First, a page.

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Mengyu Wang, Louis R Pasquale, Lucy Q Shen, Michael V Boland, Sarah Wellik, C Gustavo De Moraes, Jonathan S Myers, Peter Bex, Tobias Elze; Impact of Natural Blind Spot Location on Perimetry. Invest. Ophthalmol. Vis. Sci. 2016;57(12):630.
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© ARVO (1962-2015); The Authors (2016-present)
The natural blind spot location (NBSL) measured prior to the visual field (VF) by perimeters like the Humphrey Field Analyzer (HFA) is not considered for calculations of diagnostic parameters like pattern deviations (PD). We study the impact of NBSL on PD values of patients from 5 glaucoma practices.
The most recent reliable HFA VFs (fixation loss≤33%, false negative/positive rates≤20%, SITA Standard 24-2) were selected from each eye. To minimize possible effects of potentially existing glaucomatous VF loss, only VFs with mean deviations ≥-1dB, pattern standard deviations that are not flagged as abnormal and glaucoma hemifield tests within normal limits were included. As the HFA returns a NBSL of (15,-1) degree by default even if no blind spot test was performed, VFs with this NBSL were excluded as well. Distributions of NBSL frequency and spherical equivalent (SE) of refractive error for each NBSL were determined. In addition we compared PD values larger and smaller than the median distance as well as positive and negative angle between NBSL and fixation by t-tests.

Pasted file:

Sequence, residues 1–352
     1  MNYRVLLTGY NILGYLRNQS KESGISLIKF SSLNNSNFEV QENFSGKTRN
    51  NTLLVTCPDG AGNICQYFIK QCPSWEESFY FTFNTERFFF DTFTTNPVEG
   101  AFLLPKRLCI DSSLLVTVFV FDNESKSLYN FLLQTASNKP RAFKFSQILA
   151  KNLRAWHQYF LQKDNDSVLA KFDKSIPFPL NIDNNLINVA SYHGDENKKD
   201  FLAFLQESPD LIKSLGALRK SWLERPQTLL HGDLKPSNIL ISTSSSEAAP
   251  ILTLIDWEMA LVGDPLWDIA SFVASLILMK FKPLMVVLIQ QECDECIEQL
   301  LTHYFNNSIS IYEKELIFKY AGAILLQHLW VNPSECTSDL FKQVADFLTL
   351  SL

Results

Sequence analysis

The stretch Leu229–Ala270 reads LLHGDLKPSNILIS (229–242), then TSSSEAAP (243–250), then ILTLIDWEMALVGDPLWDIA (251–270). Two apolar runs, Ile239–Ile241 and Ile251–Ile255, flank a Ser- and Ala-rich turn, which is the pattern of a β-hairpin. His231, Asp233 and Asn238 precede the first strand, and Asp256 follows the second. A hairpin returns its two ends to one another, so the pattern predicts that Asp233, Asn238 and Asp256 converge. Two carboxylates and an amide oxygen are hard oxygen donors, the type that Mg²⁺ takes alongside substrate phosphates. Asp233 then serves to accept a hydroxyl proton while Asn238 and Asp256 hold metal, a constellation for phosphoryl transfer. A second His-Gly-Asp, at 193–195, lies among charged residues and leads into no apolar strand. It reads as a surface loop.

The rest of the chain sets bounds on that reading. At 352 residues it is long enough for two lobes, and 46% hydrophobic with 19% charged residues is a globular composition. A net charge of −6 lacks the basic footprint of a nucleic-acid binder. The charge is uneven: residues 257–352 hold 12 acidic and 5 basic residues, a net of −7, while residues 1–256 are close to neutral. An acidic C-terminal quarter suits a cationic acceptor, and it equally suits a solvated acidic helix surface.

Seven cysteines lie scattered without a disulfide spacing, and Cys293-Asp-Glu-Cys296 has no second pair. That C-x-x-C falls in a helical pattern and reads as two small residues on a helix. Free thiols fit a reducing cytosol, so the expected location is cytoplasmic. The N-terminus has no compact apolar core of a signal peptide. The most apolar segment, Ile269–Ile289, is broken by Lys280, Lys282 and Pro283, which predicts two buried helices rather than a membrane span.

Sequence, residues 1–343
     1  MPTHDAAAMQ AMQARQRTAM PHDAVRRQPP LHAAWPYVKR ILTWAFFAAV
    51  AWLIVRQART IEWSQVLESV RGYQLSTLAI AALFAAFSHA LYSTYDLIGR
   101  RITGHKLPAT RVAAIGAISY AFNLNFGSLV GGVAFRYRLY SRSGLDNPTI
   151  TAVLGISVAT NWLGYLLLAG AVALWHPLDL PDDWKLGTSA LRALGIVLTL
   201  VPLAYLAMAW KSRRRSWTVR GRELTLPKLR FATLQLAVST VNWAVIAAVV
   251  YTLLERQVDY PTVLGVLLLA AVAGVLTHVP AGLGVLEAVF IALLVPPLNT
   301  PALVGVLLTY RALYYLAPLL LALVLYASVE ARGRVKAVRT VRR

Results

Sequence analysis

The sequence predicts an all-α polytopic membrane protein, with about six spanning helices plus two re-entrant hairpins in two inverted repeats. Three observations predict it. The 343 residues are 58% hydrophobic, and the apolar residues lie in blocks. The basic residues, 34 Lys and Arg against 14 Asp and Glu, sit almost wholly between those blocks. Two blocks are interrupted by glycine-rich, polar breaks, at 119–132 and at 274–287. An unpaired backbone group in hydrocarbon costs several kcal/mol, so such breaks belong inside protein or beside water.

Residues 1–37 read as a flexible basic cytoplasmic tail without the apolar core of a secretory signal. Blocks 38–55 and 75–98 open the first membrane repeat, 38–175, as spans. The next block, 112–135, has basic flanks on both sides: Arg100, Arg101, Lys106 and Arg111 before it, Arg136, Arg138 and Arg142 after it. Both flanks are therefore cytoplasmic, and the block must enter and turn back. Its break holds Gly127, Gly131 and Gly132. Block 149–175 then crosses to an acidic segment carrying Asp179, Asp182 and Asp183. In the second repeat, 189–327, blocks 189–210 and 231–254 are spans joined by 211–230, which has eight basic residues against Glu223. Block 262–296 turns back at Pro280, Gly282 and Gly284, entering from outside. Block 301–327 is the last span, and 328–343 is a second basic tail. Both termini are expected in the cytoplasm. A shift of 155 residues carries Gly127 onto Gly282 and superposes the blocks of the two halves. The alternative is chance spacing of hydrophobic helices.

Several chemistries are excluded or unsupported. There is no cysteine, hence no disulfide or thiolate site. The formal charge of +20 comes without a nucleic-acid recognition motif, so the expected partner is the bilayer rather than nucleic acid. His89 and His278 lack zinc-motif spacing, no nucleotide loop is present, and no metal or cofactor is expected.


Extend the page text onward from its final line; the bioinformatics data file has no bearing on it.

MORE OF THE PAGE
12,751VFs were selected for data analysis. Fig. 1a illustrates the spatial distribution of NBSL relative to fixation. Average SE decreases with increasing distance from fixation (Fig. 1b), as expected by the well documented negative correlation between SE and ocular axial length. Fig. 2 shows the PD value difference effects with respect to NBSL relative to fixation (all eyes in right eye format). For NBSL distances larger than median distance 14.32, average PD values decrease (red) in the upper central (average difference for significant points (ADSP): -0.16 dB) and increase (blue) in the lower nasal VF region (ADSP: 0.13 dB). For angles in the direction of the upper hemifield relative to the median angle -8.13°, PD values decrease in lower nasal (ADSP: -0.10 dB) and increase in upper temporal VF areas (ADSP: 0.14 dB).
As effects of optic disc location relative to fovea on retinal nerve fiber trajectories were discussed in literatures, we demonstrate that the functional equivalent, NBSL relative to fixation, has a systematic effect on the spatial distribution of light sensitivity. NBSL distance and angle relative to fixation independently affect the distribution of PD values. As PD values are important diagnostic parameters for diseases like glaucoma, taking NBSL into consideration might improve the diagnosis of functional vision loss.
This is an abstract that was submitted for the 2016 ARVO Annual Meeting, held in Seattle, Wash., May 1-5, 2016.
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